Local special education students passed the California High
School Exit Exam at a higher rate than the state average, but
educators are still concerned that some students will not receive a
Local special education students passed the California High School Exit Exam at a higher rate than the state average, but educators are still concerned that some students will not receive a diploma.

Statewide, less than 20 percent of special education students who took the exit exam passed it when it was administered last March.

“Changes don’t happen overnight,” said Robert Madrazo, director of special education at San Benito High School. “Each kid has a different story.”

Of the 51 juniors in special education at SBHS, 23 have not passed either the math or English/language arts sections of the exit exam, according to numbers supplied by Michael Robustelli, director of curriculum and instruction at SBHS. Eleven, or 21.5 percent, have passed both sections, 15 have passed only English and two passed only math. These numbers do not count last week’s test.

Since Anzar High School has less than 15 special education students, numbers were not released to protect students’ identity, said Pippia Pensotti, coordinator of special education for the Aromas-San Juan Unified School District. Pensotti did say that of the 12 Anzar special education students who took the exit exam in March 2001, none passed.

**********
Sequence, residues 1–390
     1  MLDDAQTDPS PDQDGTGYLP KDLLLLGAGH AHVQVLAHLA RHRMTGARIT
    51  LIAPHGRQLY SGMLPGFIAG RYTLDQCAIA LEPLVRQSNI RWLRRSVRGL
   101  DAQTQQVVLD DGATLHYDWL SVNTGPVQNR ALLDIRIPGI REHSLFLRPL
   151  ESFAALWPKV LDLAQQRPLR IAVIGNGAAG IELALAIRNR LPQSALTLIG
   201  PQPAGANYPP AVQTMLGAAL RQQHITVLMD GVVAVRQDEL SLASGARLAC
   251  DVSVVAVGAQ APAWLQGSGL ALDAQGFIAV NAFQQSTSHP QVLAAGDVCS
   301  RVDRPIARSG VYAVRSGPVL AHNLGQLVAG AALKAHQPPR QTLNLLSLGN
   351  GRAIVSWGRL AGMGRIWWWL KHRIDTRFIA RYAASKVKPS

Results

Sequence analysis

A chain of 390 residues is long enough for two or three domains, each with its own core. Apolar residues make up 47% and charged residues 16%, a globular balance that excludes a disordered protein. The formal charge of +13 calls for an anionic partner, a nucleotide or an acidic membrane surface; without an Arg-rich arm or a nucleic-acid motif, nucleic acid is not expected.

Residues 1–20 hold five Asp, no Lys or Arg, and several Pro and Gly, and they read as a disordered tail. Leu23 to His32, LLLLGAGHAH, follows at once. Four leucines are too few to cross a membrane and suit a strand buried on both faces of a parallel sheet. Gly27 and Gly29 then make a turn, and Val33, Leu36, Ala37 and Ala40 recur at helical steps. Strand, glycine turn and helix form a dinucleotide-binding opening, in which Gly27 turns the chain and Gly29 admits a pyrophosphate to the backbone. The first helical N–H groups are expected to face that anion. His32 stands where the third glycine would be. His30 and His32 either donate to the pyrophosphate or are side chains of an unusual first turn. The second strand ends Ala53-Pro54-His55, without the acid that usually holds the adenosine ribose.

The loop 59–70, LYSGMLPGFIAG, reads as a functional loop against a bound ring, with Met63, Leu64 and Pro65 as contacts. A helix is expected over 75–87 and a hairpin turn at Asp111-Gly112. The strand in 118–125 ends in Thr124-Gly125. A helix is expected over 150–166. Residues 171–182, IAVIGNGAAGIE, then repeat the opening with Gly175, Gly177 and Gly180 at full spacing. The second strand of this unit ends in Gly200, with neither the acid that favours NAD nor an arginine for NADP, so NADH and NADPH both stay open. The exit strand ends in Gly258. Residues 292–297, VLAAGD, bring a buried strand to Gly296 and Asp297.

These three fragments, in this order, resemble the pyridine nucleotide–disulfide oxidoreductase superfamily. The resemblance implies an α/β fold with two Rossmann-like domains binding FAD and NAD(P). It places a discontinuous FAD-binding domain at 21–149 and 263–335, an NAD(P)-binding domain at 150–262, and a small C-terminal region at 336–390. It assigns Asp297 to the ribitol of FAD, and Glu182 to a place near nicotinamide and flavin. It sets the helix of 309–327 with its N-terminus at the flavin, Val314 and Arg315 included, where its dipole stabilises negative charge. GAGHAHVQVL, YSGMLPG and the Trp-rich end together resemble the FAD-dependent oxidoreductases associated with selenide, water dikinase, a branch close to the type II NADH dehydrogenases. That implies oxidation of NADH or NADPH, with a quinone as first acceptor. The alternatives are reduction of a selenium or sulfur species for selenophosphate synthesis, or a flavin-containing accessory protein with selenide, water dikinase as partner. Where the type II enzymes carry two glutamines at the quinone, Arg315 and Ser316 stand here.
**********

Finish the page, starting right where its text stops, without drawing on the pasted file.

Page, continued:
“Some students’ (impairments) don’t allow them to take the test – they are severely disabled,” Robustelli said.

Almost all special education students graduate with a diploma, either with the regular curriculum or with a modified form, Madrazo said. The exit exam is a hurdle these students may not overcome for a variety of reasons.

Special education includes students with learning disabilities such as dyslexia, and those with mental retardation. Students with severe disabilities may require an aide to write for them or read to them. Some may need a calculator to do high-level math.

The most difficult part for some schools is that special education students have been taught based on an Individualized Education Plan instead of curriculum drawn from State of California standards.

An IEP, required by state law, identifies a student’s specific learning expectations and outlines how the school will address these expectations through appropriate special education programs and services. It also identifies the methods by which a student’s progress will be reviewed.

Because of their IEP, some students are never taught the material on the exit exam. But Madrazo said SBHS has already aligned the special education curriculum to the state’s content standards. Those content standards are in the process of being written into IEPs, he said.

“I’m concerned, but I’m optimistic at the same time,” Madrazo said.